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What Prompted the White House Spokesman to Invoke James Madison and Federalism?

White House press secretary Josh Earnest speaks during his daily news briefing at the White House in Washington, Wednesday, Oct. 22, 2014, where he spoke about the shootings in Canada and answered questions about Ebola. (AP Photo/Jacquelyn Martin) AP Photo/Jacquelyn Martin

White House spokesman Josh Earnest had only muffled criticism for New York and New Jersey’s Ebola quarantine policies after the two states backtracked following administration pressure.

AP Photo/Jacquelyn Martin

Asked whether there would now be a patchwork of state policies on dealing with the deadly virus, Earnest brought up federalism.

“In some ways, you can take this up with James Madison. Right?” Earnest said. “We have a federal system in this country and states are given significant authority for governing their constituents. That is certainly true when it comes to public safety and public health. At the same time, I think you have seen a strong relationship between states across the country and the federal government. What we believe is important is that these kinds of policies should be driven by science.”

Earnest repeatedly declined to say whether President Barack Obama spoke with either New Jersey Gov. Chris Christie (R) or New York Gov. Andrew Cuomo (D), who announced the quarantines for their states last week after a doctor returned to New York carrying Ebola. He also would not say whether new White House Ebola czar Ron Klain talked to either of the governors.

The Obama administration pressed the two states to reverse the quarantine orders, arguing it could discourage medical personnel from providing aide to West Africa.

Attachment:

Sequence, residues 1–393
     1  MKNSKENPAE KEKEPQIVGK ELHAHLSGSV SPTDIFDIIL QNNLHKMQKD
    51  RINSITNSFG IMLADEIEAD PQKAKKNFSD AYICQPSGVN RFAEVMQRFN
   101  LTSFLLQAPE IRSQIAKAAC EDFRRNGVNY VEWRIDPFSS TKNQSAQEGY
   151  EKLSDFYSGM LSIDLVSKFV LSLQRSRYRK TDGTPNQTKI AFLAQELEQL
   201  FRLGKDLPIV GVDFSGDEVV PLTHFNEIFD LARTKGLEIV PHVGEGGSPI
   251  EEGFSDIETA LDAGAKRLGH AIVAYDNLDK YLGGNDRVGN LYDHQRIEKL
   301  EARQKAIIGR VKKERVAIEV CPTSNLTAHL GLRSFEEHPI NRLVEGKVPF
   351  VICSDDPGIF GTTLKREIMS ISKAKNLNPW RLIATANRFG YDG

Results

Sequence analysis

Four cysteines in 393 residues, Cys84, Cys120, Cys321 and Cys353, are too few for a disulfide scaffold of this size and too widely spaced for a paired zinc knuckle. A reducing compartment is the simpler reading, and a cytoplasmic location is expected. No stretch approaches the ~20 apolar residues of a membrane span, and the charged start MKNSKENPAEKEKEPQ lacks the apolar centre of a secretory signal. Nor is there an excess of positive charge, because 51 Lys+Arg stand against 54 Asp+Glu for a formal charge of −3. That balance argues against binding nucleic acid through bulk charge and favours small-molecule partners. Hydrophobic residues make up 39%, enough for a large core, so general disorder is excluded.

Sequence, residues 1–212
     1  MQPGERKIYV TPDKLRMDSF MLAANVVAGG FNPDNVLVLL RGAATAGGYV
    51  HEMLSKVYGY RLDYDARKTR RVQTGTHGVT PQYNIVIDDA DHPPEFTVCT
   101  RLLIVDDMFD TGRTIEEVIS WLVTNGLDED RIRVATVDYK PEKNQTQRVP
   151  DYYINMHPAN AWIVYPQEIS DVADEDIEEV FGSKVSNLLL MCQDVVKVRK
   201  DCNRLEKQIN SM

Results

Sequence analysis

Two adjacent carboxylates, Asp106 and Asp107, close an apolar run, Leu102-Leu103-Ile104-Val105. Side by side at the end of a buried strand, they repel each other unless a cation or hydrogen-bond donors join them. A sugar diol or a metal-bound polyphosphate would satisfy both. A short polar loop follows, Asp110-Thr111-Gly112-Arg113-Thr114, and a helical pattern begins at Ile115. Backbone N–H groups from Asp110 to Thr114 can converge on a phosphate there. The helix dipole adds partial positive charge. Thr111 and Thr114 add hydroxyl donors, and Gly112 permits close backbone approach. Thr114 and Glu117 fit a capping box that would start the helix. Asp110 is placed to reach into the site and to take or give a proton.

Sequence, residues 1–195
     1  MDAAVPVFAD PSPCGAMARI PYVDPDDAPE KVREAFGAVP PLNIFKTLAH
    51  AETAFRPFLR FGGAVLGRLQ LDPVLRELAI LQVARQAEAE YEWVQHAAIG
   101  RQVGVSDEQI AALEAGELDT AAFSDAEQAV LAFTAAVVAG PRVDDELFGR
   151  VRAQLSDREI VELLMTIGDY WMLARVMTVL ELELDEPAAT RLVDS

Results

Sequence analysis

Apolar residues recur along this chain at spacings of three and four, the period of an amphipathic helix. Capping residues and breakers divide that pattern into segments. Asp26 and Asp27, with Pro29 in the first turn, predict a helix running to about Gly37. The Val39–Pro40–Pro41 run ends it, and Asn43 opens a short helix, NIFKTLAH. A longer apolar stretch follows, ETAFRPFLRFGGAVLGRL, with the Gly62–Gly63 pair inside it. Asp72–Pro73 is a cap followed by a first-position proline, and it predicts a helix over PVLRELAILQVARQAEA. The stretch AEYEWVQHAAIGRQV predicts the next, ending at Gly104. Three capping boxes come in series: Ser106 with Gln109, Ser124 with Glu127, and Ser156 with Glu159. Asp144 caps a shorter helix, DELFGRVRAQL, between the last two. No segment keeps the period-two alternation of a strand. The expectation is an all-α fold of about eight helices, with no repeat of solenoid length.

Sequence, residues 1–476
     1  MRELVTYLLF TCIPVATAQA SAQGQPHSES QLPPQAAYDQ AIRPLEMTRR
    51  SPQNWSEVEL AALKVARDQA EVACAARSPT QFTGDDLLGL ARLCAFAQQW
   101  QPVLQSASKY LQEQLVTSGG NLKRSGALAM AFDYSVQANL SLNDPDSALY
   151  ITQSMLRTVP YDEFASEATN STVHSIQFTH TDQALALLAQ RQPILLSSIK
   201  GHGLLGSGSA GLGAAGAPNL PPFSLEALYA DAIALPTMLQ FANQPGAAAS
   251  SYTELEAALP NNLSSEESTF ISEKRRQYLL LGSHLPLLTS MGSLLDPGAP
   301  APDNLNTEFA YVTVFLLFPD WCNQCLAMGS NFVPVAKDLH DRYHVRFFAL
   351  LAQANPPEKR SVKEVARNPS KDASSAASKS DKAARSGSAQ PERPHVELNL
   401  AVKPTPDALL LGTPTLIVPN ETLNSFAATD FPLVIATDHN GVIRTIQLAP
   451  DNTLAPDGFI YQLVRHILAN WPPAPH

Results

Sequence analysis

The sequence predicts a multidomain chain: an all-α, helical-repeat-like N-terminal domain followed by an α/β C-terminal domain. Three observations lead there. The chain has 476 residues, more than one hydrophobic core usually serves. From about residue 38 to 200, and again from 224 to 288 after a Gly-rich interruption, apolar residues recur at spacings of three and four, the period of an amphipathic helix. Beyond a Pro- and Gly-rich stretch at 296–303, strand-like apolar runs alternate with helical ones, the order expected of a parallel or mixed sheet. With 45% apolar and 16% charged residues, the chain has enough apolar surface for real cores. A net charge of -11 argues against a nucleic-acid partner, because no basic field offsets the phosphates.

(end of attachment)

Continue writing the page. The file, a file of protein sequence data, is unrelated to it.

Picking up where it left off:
New York subsequently scaled back its quarantine mandate, while New Jersey released nurse Kaci Hickox, who was quarantined after returning from West Africa despite testing negative for Ebola. Hickox said she was forced to stay in a tent in a parking lot and her human rights were violated.

Earnest said he had not spoken with Obama about the case with the nurse, but expressed sympathy for her situation.

“She traveled to a West African country that was dealing with the outbreak of a contagious, deadly disease. She didn’t travel over there to get a big paycheck,” Earnest said. “Presumably, she’s not going to get inducted into the nurses hall of fame for it. She did it out of concern for her common man.”

He added, “So her service to this commitment and this cause is something that should be honored and respected. I don’t think we do that by making her live in a tent for two or three days.”

Asked, “if states want to put people in tents, they can do that?” Earnest responded, “That’s subject to the laws of these individual states. “

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